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Development and characterization of integrated microelectrodes for miniaturized neurostimulators

Matteo Angiono

Development and characterization of integrated microelectrodes for miniaturized neurostimulators.

Rel. Danilo Demarchi, Sandro Carrara, Gian Luca Barbruni. Politecnico di Torino, Corso di laurea magistrale in Ingegneria Biomedica, 2022

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Brain stimulation is an effective technique to restore impairing neural functions, such as deafness and blindness. Despite the progresses in leaps and bounds in these technologies, several limitations are still present, such as wiring connection to implants, bulky batteries and invasiveness of surgical procedure. For these reasons, neuroengineering research is moving towards the development of miniaturized and wireless implantable devices for selective and specific neurostimulation. This, inevitably, brings up new issues to face, such as mechanical and electrochemical stability of microelectrodes after integration. This aspect is the core of my mas- ter’s thesis, conducted at EPFL (École Polytechnique Fédérale de Lausanne) at the Integrated Circuits LABoratory (ICLAB) in Neuchâtel and at the Center of Micronanotechnology (CMi) in Lausanne. The goal of the project is developing and characterizing a system for the integration of penetrating microelectrodes for intracortical neurostimulation in ultra-miniaturized CMOS implants, exploiting three fabrication methods. First, I analyze the feasibility of manual 3D Pt/Ir microelectrodes integration in ultra-miniaturized CMOS chip. Microelectrodes are cut to obtain 1.5 mm-long needles with an exposed truncated cone-shaped 20 μm-long tip and a base diameter of 55 μm. For our purpose, two microelectrodes on two 60x60 μm2 pads with a pitch of 30 μm must be integrated. Conductive glue is dispensed on the pads and two cut microelectrodes are perpendicularly manually placed on the two pads. A curing session follows to make glue harden. Secondly, maintaining the same described setup, a new Focused Ion Beam (FIB) aided integration method is developed. Microelectrodes are cut using the ion beam. The integration is, then, performed using the high precision micromanipulator and by depositing Pt through the FIB nozzle to weld the electrode base on the pads. Results show that 3D integration of microelectrodes with ultra-miniaturized CMOS unit is extremely challenging, due to limited hand precision in manual integration and weakness of micromanipulator-microelectrode welding in FIB aided integration. Therefore, I develop a system in which the microelectrodes are microfabricated at CMOS level, in post-processing. The latter are developed in cleanroom, following several dry steps of evaporation, photolithography and etching. 1575 μm-long Aluminum microelectrodes are fabricated and insulated with SiO2, obtaining an exposed triangular tip with a base of 45 μm and a height of 70 μm. Microelectrodes are finally and successfully perpendicularly bent and morphologically characterized at SEM. Electrochemical characterization is performed by means of cyclic voltammetry. A miniaturized three-electrodes electrochemical cell is developed by an O-ring fixed on a PCB and filled by a drop of PBS. The manually integrated Pt/Ir microelectrode is used as working electrode, a commercial Ag/AgCl as reference electrode and a Pt-wire as counter electrode. Cyclic voltammetry is performed on the microelectrode before and after integration, showing comparable values of charge storage capacity and, thus, validating the electrochemical stability after 3D integration. Considering the overall work, CMOS-compatible microfabrication is convenient to merge chip fabrication together with the microelectrodes. On the other hand, developing an automatized integration of commercial microelectrodes would represent a starting point for a novel industrial process in 3D integration.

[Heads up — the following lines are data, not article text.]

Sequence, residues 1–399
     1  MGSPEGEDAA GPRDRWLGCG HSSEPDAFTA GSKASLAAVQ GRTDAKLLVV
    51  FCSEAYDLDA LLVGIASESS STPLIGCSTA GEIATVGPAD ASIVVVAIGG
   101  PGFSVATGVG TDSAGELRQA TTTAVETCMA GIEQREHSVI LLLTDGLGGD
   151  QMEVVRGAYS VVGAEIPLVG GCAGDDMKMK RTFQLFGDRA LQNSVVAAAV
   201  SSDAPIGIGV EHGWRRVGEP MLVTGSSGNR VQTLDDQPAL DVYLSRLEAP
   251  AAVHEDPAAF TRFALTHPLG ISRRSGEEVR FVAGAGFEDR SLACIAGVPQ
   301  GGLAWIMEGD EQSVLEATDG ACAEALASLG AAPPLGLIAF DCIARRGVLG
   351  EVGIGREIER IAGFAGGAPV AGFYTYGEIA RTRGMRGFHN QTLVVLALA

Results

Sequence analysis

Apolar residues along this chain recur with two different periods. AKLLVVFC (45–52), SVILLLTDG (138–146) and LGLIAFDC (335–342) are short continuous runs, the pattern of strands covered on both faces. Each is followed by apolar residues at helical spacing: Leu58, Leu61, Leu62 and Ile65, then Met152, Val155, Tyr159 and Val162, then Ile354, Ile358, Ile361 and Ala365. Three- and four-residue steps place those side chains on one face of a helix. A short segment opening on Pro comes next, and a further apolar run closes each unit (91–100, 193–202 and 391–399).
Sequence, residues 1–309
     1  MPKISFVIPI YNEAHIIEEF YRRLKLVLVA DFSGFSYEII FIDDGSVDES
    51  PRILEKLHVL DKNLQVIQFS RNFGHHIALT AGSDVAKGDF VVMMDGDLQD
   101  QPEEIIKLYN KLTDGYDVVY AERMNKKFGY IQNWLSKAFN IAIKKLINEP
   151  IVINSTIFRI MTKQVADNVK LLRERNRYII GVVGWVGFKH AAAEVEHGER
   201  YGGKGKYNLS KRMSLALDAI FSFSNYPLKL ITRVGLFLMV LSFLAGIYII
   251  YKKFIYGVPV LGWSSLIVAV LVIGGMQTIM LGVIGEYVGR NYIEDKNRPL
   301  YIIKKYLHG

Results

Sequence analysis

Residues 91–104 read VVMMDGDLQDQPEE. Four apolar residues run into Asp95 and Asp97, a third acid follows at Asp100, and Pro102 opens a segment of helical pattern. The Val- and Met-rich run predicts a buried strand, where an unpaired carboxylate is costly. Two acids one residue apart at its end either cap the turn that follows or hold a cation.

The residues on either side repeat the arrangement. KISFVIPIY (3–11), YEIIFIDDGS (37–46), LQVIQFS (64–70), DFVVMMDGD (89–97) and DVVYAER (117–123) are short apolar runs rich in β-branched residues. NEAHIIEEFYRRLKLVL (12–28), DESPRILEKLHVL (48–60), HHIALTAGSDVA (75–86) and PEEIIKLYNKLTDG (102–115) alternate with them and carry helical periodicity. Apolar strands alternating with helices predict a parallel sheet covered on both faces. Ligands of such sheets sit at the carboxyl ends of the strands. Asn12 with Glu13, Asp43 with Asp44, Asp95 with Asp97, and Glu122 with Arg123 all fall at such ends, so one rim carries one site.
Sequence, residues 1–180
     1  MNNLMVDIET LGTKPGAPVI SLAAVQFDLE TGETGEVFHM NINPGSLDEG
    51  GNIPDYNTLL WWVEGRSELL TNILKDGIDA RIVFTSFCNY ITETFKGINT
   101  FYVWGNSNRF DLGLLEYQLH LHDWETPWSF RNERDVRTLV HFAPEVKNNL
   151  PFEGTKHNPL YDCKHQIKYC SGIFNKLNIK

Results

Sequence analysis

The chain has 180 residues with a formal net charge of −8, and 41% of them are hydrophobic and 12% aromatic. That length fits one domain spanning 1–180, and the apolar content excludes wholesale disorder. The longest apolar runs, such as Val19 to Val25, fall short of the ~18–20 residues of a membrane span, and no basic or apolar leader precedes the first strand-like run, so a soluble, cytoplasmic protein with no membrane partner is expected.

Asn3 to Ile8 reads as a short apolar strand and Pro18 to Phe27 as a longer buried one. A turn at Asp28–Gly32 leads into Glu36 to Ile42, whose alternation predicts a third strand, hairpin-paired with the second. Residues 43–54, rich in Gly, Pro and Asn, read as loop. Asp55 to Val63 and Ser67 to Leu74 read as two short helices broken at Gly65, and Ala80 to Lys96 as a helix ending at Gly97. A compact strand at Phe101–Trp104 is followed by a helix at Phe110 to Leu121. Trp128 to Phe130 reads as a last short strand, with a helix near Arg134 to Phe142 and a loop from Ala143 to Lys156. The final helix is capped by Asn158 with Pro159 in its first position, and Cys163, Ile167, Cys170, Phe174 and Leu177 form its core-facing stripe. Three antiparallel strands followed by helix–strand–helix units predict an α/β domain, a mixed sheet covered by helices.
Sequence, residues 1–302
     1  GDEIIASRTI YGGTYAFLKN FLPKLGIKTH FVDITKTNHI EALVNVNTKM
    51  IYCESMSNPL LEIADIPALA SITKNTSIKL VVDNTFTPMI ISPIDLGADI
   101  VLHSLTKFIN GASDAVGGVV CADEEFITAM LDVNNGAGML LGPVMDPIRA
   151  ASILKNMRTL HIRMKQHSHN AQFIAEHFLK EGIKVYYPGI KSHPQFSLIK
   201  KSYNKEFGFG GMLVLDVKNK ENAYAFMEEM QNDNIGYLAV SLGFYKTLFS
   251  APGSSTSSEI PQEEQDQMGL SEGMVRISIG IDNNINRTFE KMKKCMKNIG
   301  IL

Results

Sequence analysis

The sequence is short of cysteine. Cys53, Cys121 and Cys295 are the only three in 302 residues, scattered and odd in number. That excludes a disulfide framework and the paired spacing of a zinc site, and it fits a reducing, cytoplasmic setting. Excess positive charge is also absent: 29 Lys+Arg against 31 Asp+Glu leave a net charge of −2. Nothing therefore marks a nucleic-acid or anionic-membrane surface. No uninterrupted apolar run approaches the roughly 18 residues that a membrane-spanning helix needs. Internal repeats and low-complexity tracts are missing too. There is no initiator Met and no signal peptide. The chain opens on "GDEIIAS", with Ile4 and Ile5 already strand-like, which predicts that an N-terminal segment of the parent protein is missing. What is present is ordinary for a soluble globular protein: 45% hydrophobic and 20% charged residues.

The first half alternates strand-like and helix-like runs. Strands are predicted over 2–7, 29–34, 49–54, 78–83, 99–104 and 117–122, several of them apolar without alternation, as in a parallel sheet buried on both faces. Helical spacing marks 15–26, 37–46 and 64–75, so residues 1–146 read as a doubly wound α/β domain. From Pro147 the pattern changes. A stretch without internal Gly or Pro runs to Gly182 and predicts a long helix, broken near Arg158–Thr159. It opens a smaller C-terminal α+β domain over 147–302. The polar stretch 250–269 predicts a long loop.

Relators: Danilo Demarchi, Sandro Carrara, Gian Luca Barbruni
Academic year: 2022/23
Publication type: Electronic
Number of Pages: 149
Corso di laurea: Corso di laurea magistrale in Ingegneria Biomedica
Classe di laurea: New organization > Master science > LM-21 - BIOMEDICAL ENGINEERING
Ente in cotutela: EPFL - Ecole Polytechnique Fédérale de Lausanne (sede di Neuchatel - ICLAB - Microcity) (SVIZZERA)
URI: http://webthesis.biblio.polito.it/id/eprint/24707
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